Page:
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Buying Singapore properties: Then and Now

Posted by temasektimes on September 16, 2018

For those millennials who are aspiring to buy their first property, I am sure you heard of stories from your parents, relatives, friends and agents about the “good old days” when one can buy a property easily and make a healthy profit by selling a few months later.

If you have bought a property any time between 2001 to 2008, chances are, it would at least doubled in price by now.

There were no restrictions such as TDSR, LTVR, ABSD, SSD etc imposed on property transactions then and HDB flat owners can still buy private properties in Singapore and overseas.

I remembered entering my first showflat at a new launch at Novena in 2005 by chance. The agents were standing outside distributing brochures and invited me inside for free tea and cakes. The project was developed jointly by two prominent developers in Singapore. The response was lukewarm and only half the units were taken up. The agent was desperately trying to sell me a three room 1205 square feet unit at $900,000 by offering a $50,000 renovation package. Just fresh out of university, I was earning only $4,000 monthly then, but no worries, a banker was on site to offer me a bank loan. I could take up a 90% loan and paid only 10% as down-payment. I regretted not buying the unit. The same unit now fetches $2.5 million dollars in today’s market.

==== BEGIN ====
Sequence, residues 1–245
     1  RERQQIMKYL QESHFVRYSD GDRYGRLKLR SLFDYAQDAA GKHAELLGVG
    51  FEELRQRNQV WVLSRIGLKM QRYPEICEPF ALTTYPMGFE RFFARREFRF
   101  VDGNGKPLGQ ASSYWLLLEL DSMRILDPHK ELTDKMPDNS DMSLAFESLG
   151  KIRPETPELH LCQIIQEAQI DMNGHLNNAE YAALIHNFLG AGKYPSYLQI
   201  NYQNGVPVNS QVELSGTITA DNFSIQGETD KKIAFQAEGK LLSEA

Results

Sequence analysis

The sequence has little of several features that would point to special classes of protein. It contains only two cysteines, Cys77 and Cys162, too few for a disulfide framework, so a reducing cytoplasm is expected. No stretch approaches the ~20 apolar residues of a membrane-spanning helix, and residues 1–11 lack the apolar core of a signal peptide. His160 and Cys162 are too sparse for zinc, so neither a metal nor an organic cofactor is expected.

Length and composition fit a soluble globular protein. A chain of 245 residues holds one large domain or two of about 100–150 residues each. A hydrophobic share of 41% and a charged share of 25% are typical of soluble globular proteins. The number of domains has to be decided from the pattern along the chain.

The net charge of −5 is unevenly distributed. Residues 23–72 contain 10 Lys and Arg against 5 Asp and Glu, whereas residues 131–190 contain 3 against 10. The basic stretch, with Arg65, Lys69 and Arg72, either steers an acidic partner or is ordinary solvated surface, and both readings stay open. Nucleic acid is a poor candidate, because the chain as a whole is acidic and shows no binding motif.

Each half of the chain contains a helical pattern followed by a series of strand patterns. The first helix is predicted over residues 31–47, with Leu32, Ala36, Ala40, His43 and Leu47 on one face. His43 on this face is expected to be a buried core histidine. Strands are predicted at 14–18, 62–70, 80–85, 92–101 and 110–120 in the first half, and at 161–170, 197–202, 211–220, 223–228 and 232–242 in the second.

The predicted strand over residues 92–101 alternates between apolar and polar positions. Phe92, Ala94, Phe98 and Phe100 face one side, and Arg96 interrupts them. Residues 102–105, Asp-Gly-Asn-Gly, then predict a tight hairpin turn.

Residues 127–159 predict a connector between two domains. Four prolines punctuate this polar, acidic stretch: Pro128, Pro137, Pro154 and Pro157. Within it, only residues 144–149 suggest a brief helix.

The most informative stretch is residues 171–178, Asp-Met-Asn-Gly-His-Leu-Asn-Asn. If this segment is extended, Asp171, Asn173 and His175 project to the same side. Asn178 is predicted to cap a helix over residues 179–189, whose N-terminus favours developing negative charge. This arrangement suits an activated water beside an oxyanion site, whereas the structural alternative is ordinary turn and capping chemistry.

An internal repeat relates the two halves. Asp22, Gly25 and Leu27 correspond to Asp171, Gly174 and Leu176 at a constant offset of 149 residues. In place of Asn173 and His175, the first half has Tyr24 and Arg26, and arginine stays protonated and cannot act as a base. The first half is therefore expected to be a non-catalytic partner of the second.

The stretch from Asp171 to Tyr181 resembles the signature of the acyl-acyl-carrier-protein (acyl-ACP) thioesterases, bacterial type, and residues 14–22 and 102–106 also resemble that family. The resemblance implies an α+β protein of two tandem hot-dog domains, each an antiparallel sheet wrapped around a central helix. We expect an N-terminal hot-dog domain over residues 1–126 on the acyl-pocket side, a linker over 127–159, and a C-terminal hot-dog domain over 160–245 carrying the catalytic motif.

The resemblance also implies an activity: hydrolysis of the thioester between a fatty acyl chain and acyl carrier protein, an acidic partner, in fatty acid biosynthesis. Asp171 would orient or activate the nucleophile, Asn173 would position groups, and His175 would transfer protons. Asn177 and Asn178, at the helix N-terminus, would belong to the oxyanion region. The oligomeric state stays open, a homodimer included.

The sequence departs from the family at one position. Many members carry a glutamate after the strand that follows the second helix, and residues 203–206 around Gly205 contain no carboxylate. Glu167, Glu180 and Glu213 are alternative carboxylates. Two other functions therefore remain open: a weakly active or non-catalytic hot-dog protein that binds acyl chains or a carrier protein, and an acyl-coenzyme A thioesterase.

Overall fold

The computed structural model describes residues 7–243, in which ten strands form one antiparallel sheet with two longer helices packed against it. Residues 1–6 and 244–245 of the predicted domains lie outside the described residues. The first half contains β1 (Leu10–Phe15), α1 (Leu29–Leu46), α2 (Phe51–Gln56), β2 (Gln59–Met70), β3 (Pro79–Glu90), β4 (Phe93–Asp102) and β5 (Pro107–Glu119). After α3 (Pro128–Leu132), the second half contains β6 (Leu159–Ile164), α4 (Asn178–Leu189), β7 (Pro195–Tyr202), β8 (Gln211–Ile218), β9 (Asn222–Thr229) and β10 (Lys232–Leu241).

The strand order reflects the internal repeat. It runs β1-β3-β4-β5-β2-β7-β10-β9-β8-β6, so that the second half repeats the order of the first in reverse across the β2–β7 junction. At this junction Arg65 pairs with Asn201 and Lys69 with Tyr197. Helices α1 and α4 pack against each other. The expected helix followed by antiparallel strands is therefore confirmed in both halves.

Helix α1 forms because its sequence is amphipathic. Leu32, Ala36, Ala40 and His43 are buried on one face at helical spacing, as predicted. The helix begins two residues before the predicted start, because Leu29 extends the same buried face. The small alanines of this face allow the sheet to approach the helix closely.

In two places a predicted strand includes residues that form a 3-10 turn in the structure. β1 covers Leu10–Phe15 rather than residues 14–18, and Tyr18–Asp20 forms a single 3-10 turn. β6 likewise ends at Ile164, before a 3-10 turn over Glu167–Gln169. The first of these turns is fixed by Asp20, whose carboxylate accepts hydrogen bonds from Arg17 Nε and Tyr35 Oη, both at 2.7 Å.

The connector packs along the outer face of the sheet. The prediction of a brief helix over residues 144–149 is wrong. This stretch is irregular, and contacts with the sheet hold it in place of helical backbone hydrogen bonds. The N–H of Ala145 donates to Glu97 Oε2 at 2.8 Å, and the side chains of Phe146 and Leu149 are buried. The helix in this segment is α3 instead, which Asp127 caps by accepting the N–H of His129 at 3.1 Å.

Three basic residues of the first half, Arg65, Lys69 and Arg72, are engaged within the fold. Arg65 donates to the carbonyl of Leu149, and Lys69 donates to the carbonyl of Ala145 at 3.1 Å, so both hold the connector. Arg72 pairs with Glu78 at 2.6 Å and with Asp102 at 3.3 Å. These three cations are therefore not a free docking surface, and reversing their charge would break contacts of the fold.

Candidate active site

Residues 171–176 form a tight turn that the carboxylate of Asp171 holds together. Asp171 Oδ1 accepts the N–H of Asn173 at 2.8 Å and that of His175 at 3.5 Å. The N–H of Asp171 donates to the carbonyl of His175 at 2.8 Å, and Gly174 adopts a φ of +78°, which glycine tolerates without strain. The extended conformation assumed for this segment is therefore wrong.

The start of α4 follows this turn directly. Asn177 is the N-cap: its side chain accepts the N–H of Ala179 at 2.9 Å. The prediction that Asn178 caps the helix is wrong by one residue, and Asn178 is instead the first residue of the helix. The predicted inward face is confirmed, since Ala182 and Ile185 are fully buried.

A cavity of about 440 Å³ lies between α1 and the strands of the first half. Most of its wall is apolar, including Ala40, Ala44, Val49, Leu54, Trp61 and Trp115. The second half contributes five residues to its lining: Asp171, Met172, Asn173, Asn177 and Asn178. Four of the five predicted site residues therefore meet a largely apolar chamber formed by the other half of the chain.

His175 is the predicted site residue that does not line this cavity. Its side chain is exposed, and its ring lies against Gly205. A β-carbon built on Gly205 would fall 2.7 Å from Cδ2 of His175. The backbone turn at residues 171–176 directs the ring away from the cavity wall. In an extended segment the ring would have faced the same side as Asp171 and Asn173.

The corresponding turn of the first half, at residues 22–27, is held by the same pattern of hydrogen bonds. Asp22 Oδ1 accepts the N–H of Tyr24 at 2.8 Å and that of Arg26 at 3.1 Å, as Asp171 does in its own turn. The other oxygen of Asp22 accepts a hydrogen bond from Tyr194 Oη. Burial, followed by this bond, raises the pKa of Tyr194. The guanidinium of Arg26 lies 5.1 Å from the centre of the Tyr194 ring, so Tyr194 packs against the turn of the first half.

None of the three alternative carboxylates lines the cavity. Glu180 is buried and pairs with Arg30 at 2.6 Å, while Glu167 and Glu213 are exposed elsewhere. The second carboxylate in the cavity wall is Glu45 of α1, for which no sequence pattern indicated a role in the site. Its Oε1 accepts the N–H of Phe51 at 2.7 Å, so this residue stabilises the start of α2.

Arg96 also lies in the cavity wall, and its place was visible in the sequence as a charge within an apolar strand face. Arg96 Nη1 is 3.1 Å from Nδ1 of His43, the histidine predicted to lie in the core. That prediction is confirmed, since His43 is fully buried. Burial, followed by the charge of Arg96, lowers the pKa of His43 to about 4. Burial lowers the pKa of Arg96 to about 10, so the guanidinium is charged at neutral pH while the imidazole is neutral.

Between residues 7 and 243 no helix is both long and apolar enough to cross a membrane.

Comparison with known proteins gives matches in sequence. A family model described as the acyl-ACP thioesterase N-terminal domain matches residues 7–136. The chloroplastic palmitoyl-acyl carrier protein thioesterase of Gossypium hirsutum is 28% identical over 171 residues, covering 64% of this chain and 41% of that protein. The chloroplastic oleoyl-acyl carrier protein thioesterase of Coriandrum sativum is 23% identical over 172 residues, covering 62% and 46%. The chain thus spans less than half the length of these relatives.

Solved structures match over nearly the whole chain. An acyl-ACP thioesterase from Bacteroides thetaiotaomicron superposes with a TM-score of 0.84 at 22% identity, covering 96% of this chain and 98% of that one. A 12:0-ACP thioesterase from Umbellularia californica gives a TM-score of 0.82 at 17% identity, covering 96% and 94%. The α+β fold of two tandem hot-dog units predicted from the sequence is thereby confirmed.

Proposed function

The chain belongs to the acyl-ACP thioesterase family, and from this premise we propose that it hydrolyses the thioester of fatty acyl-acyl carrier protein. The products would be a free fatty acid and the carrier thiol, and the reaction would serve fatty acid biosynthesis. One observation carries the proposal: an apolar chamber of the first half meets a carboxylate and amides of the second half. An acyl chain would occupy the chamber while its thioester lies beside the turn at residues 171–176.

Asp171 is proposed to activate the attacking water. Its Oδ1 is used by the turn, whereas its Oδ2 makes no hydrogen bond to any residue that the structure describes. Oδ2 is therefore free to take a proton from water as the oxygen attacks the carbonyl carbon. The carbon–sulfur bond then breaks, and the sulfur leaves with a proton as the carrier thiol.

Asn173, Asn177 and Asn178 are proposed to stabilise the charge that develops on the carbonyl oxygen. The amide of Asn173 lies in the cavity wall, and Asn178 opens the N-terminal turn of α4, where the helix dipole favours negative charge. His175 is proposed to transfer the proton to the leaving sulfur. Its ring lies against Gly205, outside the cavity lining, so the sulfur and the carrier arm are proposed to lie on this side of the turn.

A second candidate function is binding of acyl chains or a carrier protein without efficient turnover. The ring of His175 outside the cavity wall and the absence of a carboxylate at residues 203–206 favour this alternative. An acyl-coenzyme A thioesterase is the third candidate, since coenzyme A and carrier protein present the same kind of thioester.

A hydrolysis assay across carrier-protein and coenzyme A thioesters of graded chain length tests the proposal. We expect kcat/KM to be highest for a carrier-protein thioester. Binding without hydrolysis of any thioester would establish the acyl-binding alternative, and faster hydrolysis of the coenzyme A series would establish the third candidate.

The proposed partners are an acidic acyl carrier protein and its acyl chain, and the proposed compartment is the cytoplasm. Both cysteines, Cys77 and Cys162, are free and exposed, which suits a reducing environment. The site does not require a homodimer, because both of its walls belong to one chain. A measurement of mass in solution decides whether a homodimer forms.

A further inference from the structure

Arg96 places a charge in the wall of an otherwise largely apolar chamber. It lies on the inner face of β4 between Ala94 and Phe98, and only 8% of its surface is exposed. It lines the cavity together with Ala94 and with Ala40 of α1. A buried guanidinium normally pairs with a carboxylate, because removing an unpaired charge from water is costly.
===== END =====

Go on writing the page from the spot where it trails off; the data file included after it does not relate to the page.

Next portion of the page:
A few months later, I did buy my first property – a three room condominium in Yishun at only $470,000, cheaper than a 3 room resale flat in some popular districts today. Less than a year later, I bought another property for investment and so on and on. It was possible in those days to buy multiple properties so long you hold a decent job and have a good credit rating. Banks are more than eager to do your business with scant consideration of whether you can finance your mortgages in the long term.

Read rest of article here.


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What are the differences between 99 year leasehold properties and HDB flats?

Posted by temasektimes on September 11, 2018

In land scarce Singapore, the majority of properties come with a limited lease of a 99 year tenure which includes both public and private housing.

Though both HDB flats and 99 year leasehold private properties come with a 99 year lease, there are many differences between the two which emanate from different types of ownership leading to different property rights and entitlements with regards to their sale, rental and refurbishment as encapsulated in different terms and conditions as stipulated in the contracts.


Ownership structure:

Buyers of 99 year old leasehold properties are buying a 99 year old strata properties which include the property and part of the land on which the property is built.